Sen. Mitt Romney proposes plan to extend expired unemployment benefits amid COVID-19 pandemic

Cheryl Diaz Meyer, for the Deseret News

SALT LAKE CITY — Utah Sen. Mitt Romney and two other Republicans proposed a plan Wednesday to extend recently expired unemployment benefits through the end of the year as negotiations continue on another COVID-19 relief package.

The legislation allows states flexibility to transition toward wage replacement and would phase in lower payments over the course of the next five months, according to the senators. Last week, Romney, Sen. Susan Collins, of Maine, and Sen. Martha McSally, of Arizona, introduced similar legislation that would ensure unemployed workers receiving federal benefits would continue to get them for the next three months.

Congress failed last week to extend enhanced unemployment benefits it put in place in March to help people through the coronavirus pandemic.

Republicans and Democrats remain at an impasse over another round of economic relief. The Democratic-led House passed a $3 trillion package in May, while the Senate Republicans countered with a $1 trillion bill in July.

Romney said millions of unemployed workers face extreme financial uncertainty while Congress negotiates the next relief bill.

“Let’s work together to make sure Americans don’t face additional burdens as a result of a sudden lapse in benefits,” he said in a statement.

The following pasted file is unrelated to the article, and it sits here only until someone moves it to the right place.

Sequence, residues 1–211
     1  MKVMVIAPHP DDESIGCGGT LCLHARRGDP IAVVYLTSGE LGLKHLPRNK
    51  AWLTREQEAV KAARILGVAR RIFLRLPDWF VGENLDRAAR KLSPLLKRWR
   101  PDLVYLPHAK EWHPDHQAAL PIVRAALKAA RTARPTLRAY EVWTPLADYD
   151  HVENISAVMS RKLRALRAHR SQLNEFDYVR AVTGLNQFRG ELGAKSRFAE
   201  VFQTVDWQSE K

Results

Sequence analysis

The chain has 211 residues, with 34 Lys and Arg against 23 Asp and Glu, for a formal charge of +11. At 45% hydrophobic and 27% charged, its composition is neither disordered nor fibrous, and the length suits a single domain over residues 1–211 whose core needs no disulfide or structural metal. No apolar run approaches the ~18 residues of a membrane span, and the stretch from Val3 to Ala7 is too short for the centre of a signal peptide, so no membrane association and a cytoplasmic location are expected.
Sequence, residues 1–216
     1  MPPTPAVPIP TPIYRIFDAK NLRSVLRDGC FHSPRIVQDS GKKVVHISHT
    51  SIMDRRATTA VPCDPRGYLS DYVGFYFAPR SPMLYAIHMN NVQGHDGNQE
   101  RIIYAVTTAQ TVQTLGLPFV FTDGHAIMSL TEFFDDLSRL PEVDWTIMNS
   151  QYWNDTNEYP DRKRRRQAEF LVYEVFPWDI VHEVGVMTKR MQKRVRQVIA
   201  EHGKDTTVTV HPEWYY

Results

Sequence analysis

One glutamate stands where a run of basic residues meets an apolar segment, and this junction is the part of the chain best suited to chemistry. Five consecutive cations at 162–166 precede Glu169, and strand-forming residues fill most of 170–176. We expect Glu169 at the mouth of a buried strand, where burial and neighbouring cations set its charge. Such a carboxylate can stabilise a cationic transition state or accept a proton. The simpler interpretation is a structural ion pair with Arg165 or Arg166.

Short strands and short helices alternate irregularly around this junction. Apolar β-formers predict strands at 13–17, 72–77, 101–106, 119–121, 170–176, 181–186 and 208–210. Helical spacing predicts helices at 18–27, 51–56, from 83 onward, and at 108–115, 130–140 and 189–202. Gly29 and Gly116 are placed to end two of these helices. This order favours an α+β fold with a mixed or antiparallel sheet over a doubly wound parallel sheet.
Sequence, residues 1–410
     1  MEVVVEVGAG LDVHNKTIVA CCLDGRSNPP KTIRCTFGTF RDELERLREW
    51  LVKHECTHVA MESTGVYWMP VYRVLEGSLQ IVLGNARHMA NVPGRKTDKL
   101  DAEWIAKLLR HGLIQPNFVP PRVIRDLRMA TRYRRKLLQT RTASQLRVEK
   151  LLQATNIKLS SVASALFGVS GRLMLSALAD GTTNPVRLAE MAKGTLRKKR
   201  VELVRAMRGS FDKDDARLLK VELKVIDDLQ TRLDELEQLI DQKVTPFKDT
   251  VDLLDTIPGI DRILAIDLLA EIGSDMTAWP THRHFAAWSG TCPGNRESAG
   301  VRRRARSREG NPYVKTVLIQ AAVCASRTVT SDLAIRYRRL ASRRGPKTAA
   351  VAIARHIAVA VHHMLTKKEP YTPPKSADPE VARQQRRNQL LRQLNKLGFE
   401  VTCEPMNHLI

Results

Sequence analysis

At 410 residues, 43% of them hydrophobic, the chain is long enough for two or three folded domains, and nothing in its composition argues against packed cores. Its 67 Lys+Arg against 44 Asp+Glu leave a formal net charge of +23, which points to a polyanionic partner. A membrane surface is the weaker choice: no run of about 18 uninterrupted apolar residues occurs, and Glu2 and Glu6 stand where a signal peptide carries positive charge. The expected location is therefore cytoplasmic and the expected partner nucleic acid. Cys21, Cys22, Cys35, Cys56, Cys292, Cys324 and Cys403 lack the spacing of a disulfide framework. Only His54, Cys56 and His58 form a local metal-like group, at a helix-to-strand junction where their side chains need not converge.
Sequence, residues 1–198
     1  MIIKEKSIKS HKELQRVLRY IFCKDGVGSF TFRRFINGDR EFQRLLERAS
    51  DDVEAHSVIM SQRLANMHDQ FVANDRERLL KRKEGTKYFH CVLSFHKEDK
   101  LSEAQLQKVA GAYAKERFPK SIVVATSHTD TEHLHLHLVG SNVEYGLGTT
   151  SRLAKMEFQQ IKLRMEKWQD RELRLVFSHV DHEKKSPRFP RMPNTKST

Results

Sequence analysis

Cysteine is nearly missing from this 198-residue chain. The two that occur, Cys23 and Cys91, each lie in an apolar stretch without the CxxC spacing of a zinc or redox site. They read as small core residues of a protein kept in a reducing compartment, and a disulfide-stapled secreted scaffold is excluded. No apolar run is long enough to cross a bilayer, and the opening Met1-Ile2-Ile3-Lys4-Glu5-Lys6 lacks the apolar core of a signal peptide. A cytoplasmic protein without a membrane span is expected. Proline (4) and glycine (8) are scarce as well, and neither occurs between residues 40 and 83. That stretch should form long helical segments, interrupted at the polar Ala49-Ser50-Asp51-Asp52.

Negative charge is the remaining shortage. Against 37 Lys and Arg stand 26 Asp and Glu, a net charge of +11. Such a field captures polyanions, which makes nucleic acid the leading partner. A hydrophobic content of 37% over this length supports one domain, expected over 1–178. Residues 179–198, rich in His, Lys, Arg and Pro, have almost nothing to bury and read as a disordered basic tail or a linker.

Under the plan, states could choose to add $500 a week to the unemployment benefit or $400 per week if they prefer not to change the payment amount again in September. In September, the benefit would drop to $400 a week. From October to December states could choose an 80% wage replacement or seek a waiver for a flat $300 per week benefit if they are unable to pay an amount tied to 80% of prior earnings.

“We must act quickly to help families that have been hit hard by the pandemic. The phased approach our amendment creates would assist individuals who have been laid off by compensating them for their lost wages in a way that does not create a disincentive to return to work if they are able to do so. At the same time, it would support states’ efforts to upgrade their unemployment systems,” Collins said in a statement.

McSally said Americans who can’t return to work through no fault of their own should not be penalized because Congress is still negotiating the next coronavirus relief package.

“Unfortunately, dysfunction in Washington is at an all time high,” McSally said in a statement.

The longer term proposal for unemployment provides support for those still unable to work, while incentivizing people to return to work, she said. It would also encourage states to improve their processing systems, so individuals can get relief they need in a timely fashion, McSally said.

Dennis Romboy

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